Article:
Panorama cannot prevent file damage caused by hardware failure, but it can detect damage and prevent you from continuing to work with a damaged database. Panorama has two methods for detecting damage.
The data in a Panorama database is stored with a specific structure for records and cells within records. Each record must contain the correct number of cells, and the sum of the cell lengths within a record must match the length of the record itself. If this doesn’t match up, the data structure is corrupted. Panorama may limp along for a while in this state, but this sort of corruption will cause errors and possibly crashes. Fortunately Panorama can check and verify that this structure is correct. Important Note: Checking the data structure does not guarantee the validity of the data itself, or of procedures and forms.
When saving a database, Panorama can include an “integrity seal” that validates the contents of the database, including the data itself, forms, procedures and variables. If a database contains an integrity seal, Panorama will check the contents of the database agains the seal when it opens the database. If the contents have been tampered with, Panorama will not open the database.
By default, Panorama always adds an integrity seal when saving a database. If you don’t want to include an integrity seal in a particular database, use the File>Database Options>General panel to disable this option.
Generally you would never want to disable the integrity seal option. However, the process of generating an integrity seal does take a slight amount of time, so if you need the fastest performance and aren’t concerned about database damage you can disable this on a database-by-database basis.
Important: You should disable the integrity seal option if you plan to use this database with an older version of Panorama X. The integrity seal option is only supported by Panorama X 10.2 or later. Older versions of Panorama X will open a database that has an integrity seal without any problem, but if the database contents are modified when using an older version of Panorama, the integrity seal will no longer be valid and the database won’t open in Panorama X 10.2 or later. If you encounter this situation you can temporarily disable integrity checking so that the database can be opened (see below).
If a file on disk has been damaged while stored on the disk, opening it may cause Panorama to crash – either immediately or when performing data operations. To prevent this, every time Panorama opens a database it checks the integrity seal (if present) and also checks the integrity of the data structure. If damage is detected, Panorama will not allow you to open the file and will display information about the problem, like this:
If you encounter a damaged file, usually the best bet is to locate a recent backup version of the file, and use that. You could also try to disable integrity checking and attempt to open and export the file (see below).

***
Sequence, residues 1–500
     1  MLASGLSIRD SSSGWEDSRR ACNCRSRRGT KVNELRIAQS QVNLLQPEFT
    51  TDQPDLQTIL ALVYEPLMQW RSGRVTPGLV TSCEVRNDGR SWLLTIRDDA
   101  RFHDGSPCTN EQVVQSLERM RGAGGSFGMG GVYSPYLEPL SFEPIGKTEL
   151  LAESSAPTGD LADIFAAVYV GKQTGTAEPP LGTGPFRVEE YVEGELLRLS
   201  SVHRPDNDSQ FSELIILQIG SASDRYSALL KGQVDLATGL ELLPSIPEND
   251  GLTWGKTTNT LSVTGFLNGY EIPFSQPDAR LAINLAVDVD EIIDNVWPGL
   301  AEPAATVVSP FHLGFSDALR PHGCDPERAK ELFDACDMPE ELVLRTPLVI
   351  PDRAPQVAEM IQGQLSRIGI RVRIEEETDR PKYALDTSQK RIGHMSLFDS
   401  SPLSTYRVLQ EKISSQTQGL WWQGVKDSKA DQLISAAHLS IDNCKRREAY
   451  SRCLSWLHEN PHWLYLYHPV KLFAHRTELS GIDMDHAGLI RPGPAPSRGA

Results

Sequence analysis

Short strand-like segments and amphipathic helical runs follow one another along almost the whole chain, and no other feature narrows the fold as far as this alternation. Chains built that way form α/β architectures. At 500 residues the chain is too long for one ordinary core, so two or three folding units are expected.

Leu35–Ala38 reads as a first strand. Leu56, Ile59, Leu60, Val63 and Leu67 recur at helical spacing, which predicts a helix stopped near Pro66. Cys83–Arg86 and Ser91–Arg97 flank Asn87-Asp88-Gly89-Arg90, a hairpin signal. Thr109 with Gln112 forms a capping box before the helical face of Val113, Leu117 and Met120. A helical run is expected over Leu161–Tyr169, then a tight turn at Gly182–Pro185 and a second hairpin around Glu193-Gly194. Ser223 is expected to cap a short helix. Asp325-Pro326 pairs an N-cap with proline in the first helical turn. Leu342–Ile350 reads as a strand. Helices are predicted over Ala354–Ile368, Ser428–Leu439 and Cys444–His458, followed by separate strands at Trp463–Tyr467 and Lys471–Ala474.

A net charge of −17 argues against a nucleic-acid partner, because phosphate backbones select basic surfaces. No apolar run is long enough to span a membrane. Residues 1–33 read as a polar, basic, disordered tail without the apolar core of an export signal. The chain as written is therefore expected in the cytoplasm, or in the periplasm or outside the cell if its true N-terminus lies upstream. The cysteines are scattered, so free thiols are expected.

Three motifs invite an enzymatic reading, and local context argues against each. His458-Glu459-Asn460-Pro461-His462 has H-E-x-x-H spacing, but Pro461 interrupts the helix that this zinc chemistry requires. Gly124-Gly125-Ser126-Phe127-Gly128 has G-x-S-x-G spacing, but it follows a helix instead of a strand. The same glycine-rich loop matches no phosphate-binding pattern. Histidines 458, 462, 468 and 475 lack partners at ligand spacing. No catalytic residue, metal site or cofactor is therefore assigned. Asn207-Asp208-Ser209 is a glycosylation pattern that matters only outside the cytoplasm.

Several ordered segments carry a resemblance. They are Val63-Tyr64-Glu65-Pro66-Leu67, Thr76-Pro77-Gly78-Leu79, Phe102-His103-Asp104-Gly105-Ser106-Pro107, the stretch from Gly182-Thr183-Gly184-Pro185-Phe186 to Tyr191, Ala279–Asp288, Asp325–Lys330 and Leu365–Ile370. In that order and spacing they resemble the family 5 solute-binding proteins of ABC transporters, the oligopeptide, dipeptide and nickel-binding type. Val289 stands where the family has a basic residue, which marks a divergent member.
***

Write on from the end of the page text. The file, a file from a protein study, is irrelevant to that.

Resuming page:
If the data structure becomes damaged while the database is open in RAM (for example from a cosmic ray), you don’t want that damage to be saved permanently. To prevent this, Panorama checks the data structure integrity before it saves the database. If the structure is damaged, Panorama will refuse to save the database.
If you encounter this you may want to try to export the data as text, then re-import it into a different database (since the data structure is corrupted, the export may not work). You could also try to delete the corrupted data, but it’s quite likely that Panorama may crash when you try that. The good news is that your file on disk is un-touched, so the worst case is losing the recent changes made since the file was opened.
You may want to temporarily disable integrity checking to attempt to recover a damaged file. Use the Advanced preferences panel to disable this option.
Once checking is disabled, you can attempt to open a damaged file. If Panorama does manage to open the file, we would recommend not attempting to use the file, but to immediately attempt to export the data as text. If that succeeds, you can import the text into a different database. It’s probably a good idea to carefully check the exported data for damage – if the database structure is damaged, there is a high probability that some of the data itself is also damaged.
Important: Make sure to re-enable integrity checking as soon as possible!
In addition to the automatic checks when opening and saving, you can also use the datacorruption option of the dbinfo( function to check the integrity of a database’s data structure. This function will return text describing any corruption it finds, or empty text if there is no corruption. This example checks the current database for data structure corruption.
let corruption = dbinfo("datacorruption","") if corruption<>"" message corruption return endif ... continue with uncorrupted data
Data corruption in memory is exceedingly rare, so it’s probably not necessary to explicitly check for corruption like this – you can simply rely on the automatic check when saving the database.
|10.2||New||New in this version.|